An architectural rendering of the proposal for 392 Portland St. — HRM/Zzap Architecture and Planning
An architectural rendering of the proposal for 392 Portland St. — HRM/Zzap Architecture and Planning

The municipality’s Design Advisory Committee is recommending in favour of a seven-storey development proposed for Portland Street.

Zzap Architect and Planning submitted a pre-application under the municipality’s Centre Plan for 392 Portland St.

Architectural drawings in the plans refer to the building as Crown Tower. A company called Crown Tower Apartments is registered to Allan Silverman, who also owns Accord Canadian Realty, located down the road at 341 Portland St. with his Sunset Towers apartment building.

The lot in question, 392 Portland St., is situated between Aladdin Video and Variety and Pizza Girls, which is at the corner of Portland Street and Prince Arthur Avenue.

The company demolished the home and garage at 392 Portland St. last year to make way for a new building.

It’s proposing a 41-unit apartment building with 12 underground parking stalls, a rooftop patio, and a gym and common room in the seventh-storey penthouse.

A 2019 Google Streeview image shows the house at 392 Portland St. prior to demolition.

According to design drawings included in the staff report to the committee, the apartments would range in size from 540-square-foot one-bedroom units to 1,000-square-foot two-bedroom units.

The application comes to the Design Advisory Committee for a recommendation to the development officer, municipal planner Sean Audas, on the design elements of the proposal. The development officer, Audas, ultimately decides whether to approve the application. Neither Audas nor the developer is under any obligation to heed the committee’s advice.

The committee met virtually on Wednesday to consider the proposal. There was no livestream available to the public and draft minutes from the meeting were posted online on Friday.

According to the minutes, the committee asked about the sides of the building, “noting that they are essentially street fronts, and do not meet the design articulation requirements” of the Centre Plan. The section the committee members cited applies to the street wall — the front of a building — and requires developers to alternate design and materials to make walls look more interesting.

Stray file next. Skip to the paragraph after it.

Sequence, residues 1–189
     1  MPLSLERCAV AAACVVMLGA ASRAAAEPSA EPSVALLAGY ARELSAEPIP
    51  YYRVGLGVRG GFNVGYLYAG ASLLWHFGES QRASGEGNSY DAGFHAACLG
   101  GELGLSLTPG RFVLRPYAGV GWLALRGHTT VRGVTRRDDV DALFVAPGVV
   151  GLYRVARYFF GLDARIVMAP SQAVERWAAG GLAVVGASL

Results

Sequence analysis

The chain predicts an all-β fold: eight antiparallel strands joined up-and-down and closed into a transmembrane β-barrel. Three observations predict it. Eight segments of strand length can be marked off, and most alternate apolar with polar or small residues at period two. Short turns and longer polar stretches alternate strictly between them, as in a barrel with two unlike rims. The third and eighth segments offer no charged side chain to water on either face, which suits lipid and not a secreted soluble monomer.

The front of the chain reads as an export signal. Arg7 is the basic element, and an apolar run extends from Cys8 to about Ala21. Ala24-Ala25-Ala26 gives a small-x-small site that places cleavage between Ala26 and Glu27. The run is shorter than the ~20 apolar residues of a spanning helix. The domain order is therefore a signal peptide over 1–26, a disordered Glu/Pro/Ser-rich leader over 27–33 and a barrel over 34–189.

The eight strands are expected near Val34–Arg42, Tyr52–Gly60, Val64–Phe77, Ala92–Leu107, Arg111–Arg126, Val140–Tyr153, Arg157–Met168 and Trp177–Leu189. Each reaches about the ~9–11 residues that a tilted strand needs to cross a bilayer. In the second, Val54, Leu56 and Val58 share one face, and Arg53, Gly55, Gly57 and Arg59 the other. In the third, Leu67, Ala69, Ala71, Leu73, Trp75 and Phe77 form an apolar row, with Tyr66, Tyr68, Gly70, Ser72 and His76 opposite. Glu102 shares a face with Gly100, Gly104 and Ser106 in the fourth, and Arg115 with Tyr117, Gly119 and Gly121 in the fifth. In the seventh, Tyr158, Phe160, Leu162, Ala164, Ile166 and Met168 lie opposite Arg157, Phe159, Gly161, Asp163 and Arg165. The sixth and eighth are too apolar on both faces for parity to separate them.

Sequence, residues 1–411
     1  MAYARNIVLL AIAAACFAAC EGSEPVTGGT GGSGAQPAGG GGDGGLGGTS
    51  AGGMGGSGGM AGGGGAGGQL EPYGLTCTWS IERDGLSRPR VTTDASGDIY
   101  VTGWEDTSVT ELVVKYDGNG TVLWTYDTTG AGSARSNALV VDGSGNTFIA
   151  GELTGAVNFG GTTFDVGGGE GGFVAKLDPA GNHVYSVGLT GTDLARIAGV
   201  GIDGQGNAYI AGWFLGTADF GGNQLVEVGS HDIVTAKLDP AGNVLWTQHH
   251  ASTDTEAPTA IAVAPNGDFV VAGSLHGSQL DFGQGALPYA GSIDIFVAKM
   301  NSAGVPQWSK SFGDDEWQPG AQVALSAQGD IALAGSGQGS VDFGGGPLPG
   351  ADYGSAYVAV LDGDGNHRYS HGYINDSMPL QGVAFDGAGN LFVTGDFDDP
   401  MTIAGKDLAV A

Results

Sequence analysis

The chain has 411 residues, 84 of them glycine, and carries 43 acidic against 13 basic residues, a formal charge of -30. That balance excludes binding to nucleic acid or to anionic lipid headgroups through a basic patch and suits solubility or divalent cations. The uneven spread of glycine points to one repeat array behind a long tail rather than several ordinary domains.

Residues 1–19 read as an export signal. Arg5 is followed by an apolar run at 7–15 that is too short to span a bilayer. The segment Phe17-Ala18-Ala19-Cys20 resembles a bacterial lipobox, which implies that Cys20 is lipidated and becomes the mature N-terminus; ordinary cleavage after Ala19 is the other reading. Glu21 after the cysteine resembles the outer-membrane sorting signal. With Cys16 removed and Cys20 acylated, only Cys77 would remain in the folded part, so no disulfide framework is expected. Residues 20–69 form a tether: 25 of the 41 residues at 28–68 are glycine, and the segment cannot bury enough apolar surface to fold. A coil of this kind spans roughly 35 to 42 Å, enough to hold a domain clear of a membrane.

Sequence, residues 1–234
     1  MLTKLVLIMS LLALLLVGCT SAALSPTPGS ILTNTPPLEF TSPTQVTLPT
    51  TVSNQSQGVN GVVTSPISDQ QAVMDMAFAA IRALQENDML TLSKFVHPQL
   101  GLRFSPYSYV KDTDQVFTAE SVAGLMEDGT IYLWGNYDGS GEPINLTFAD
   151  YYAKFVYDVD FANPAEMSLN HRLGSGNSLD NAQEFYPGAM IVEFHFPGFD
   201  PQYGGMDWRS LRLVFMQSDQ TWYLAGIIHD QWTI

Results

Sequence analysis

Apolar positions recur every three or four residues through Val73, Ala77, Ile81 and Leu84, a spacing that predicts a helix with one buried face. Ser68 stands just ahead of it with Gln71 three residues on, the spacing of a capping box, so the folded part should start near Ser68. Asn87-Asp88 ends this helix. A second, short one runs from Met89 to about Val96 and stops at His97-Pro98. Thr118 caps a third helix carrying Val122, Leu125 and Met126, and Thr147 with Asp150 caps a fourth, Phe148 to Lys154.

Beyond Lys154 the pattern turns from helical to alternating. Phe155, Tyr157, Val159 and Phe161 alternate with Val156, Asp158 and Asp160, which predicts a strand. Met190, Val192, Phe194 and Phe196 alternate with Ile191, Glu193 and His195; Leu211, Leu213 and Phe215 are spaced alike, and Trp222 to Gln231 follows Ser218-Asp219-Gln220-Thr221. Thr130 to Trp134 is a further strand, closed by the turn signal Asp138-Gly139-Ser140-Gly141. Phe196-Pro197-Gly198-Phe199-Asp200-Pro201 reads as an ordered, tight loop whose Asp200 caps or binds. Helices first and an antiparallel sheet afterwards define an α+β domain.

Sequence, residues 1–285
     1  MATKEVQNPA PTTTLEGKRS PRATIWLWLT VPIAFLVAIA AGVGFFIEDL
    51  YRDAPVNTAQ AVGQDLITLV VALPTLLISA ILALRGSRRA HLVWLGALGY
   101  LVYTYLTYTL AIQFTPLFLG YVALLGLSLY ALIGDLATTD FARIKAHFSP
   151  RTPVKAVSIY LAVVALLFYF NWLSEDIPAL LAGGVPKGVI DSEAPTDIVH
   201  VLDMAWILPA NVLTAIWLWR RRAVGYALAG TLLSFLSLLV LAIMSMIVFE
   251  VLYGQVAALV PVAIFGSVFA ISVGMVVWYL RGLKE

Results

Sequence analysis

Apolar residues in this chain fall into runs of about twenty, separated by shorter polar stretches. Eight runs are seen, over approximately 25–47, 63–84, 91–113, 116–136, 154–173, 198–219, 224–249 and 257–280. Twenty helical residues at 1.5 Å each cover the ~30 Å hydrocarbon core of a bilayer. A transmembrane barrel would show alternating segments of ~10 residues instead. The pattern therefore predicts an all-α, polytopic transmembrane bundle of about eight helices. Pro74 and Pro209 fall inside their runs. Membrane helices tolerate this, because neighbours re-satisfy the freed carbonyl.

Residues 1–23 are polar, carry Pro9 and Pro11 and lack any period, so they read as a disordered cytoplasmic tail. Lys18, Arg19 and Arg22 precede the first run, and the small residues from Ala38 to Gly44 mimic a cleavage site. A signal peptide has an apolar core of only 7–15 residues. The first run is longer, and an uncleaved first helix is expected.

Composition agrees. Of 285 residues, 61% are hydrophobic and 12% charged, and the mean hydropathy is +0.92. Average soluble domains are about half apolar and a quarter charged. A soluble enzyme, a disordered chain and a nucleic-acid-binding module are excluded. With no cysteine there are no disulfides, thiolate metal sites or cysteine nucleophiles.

“[Municipal planner] Rachael Groat clarified the east and west façades are technically not street walls as they do not meet the property line, therefore the requirements … are not applicable,” the minutes say.

Because those walls are so visible, the committee wanted the developer to follow those rules anyway.

“The Committee noted that although this is not a requirement of the Land Use By-law, consideration of these requirements would greatly improve the overall design of the building,” the minutes say.

The committee amended the motion to add that it “strongly recommends applying the design principles contemplated … to improve the articulation and design of the eastern and western façades of the building which have a strong visual presence on the surrounding streets.”

For the same reasons, the committee also recommended the developer “Ensure the distinction of materials for the penthouse and core (stairwell enclosure) of the building versus the main façade.”

The developer is requesting one variation from the design rules: the penthouse is closer to one side of the roof than it’s supposed to be.

The amended motion recommending in favour of the development passed. The developer now has to post a website to notify the public of its plans, and then the development officer will make a decision to approve or deny the proposal.

Zane Woodford is the Halifax Examiner’s municipal reporter. He covers Halifax City Hall and contributes to our ongoing PRICED OUT housing series. Twitter @zwoodford

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